Researchers have found that insulin can be protected in a chemical coating known as a novel polymer, bringing the possibility of an insulin capsule ever closer.
The coating is a key step to ensuring that insulin taken orally is not broken down by enzymes and rendered useless before entering the blood stream, say the team of researchers from Aberdeen’s Robert Gordon University.
“Further testing of this complex is needed to determine its suitability as an insulin delivery system - a goal that is some years away. However, our research is taking us a significant step forward towards this important goal and offering hope to people who are living with diabetes,” said Dr Colin Thompson, Research Fellow at the university’s School of Pharmacy.
Libby Dowling, Care Advisor at Diabetes UK, said: “Oral insulin could make a big difference to the lives of people with diabetes. Children, elderly people and those with a phobia of needles would benefit particularly if and when insulin capsules become a safe and effective treatment for the condition.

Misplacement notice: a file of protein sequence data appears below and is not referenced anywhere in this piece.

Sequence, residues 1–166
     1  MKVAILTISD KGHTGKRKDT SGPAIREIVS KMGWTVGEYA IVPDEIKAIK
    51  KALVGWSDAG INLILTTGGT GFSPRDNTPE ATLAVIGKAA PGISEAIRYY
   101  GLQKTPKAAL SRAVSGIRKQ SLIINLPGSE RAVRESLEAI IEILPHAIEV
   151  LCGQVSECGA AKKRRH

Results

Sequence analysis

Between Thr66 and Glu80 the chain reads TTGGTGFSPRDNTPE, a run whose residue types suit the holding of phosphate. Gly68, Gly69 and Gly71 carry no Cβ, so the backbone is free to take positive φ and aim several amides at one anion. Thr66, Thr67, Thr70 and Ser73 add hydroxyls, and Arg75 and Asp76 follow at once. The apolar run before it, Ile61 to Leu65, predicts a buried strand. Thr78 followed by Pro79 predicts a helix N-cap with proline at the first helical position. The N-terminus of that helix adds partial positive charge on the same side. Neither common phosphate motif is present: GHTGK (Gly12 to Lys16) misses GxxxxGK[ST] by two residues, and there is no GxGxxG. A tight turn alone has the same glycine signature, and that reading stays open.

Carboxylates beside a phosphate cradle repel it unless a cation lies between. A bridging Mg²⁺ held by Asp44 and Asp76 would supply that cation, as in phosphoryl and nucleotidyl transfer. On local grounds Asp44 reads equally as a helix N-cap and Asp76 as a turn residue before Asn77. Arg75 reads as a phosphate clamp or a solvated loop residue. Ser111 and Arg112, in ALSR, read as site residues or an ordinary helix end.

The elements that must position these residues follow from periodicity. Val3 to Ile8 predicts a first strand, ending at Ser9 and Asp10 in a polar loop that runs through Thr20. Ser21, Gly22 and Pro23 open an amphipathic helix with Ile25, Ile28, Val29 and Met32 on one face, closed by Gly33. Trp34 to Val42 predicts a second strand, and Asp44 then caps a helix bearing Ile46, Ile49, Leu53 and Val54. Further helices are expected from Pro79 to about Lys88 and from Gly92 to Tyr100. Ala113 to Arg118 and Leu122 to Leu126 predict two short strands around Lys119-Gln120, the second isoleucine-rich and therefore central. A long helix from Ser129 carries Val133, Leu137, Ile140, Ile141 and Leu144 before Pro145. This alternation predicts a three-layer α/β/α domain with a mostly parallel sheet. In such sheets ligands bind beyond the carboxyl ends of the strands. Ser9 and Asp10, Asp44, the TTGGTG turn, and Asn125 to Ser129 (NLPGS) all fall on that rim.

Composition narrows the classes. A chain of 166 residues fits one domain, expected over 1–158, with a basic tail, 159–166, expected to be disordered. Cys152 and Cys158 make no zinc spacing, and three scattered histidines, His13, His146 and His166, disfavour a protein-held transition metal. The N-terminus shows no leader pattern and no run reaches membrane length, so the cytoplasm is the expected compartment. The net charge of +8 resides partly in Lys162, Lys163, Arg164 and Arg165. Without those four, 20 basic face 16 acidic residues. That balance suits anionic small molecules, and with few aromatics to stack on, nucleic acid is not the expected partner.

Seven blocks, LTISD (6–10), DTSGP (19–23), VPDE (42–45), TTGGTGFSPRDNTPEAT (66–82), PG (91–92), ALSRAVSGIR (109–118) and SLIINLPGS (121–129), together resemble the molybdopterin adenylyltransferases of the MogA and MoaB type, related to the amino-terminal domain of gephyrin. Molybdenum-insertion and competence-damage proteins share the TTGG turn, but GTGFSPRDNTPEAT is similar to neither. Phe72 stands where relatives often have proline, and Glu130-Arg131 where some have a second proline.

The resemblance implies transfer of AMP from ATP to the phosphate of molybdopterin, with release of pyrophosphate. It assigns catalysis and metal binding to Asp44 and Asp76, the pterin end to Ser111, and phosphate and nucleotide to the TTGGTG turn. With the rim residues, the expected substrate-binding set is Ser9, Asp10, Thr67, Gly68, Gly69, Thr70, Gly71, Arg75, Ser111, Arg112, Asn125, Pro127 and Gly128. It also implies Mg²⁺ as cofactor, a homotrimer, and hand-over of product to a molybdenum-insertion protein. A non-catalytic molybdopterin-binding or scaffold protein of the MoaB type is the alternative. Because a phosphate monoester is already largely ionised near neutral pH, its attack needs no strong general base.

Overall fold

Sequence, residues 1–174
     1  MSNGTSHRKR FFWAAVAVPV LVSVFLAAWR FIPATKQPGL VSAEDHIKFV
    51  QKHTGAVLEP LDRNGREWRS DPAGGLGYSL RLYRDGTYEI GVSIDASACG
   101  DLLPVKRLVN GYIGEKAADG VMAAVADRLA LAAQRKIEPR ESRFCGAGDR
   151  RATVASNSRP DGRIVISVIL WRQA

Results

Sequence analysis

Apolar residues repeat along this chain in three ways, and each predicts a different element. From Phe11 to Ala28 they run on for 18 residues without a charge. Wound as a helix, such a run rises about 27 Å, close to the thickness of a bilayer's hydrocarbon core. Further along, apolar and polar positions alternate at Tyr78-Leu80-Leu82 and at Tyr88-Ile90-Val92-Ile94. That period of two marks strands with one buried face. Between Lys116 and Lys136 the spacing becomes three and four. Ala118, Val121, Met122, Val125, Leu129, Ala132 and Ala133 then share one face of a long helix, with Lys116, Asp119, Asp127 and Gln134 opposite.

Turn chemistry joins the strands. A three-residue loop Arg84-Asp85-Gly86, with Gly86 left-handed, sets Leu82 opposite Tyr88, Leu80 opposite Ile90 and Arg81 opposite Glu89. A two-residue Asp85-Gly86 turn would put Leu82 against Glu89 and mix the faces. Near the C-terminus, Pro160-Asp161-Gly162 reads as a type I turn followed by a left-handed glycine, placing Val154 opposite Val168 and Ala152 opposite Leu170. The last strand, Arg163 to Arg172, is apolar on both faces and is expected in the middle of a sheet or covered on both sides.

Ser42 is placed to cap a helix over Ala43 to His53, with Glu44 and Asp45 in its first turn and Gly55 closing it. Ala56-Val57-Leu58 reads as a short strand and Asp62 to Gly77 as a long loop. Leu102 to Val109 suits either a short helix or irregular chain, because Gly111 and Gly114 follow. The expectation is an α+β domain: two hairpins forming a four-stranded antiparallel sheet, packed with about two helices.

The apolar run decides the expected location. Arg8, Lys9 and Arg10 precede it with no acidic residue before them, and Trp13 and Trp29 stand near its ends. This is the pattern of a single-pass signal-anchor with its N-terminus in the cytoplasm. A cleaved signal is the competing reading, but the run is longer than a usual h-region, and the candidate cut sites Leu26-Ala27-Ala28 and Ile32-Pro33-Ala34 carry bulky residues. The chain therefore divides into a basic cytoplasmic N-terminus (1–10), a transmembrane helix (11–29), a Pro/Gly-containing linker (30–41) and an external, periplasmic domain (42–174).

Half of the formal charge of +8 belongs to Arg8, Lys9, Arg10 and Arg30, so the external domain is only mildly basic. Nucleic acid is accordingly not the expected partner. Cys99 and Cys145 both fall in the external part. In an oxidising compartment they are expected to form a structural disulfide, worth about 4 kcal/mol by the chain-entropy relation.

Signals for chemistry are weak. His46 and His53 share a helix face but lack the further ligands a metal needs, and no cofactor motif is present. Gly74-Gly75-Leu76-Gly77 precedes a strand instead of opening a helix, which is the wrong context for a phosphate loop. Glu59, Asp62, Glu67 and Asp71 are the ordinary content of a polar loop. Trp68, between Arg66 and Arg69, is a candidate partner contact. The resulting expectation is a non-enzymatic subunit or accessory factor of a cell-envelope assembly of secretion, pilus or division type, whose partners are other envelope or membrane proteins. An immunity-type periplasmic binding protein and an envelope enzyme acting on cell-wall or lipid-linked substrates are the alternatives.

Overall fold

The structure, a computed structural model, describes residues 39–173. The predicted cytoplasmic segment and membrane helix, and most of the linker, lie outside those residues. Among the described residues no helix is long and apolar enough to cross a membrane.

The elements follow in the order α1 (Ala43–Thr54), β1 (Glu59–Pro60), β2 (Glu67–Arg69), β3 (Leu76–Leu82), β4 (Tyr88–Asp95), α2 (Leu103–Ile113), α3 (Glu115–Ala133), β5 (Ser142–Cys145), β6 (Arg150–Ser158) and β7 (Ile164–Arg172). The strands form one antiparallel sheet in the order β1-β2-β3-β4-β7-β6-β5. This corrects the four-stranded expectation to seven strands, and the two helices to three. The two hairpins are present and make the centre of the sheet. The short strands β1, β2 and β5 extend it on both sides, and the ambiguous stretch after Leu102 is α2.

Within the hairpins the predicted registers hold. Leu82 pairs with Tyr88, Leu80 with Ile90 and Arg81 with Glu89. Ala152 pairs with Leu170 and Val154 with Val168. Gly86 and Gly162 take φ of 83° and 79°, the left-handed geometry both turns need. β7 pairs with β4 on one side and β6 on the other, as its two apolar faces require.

“Hundreds of thousands of people have to inject themselves several times a day to control their diabetes. This can cause a great deal of stress to some people and be difficult to come to terms with. Although more research is needed, Diabetes UK would very much like to see insulin capsules one day become a reality.”
She added: "Many people with Type 2 diabetes take diabetes tablets. They are not the same as insulin. As yet insulin cannot be taken in tablet form because it would be broken down in the stomach before it could work. Diabetes tablets work in different ways to lower blood glucose levels – for example by stimulating the pancreas to produce more insulin, or by helping the body to use the insulin that it does produce more effectively."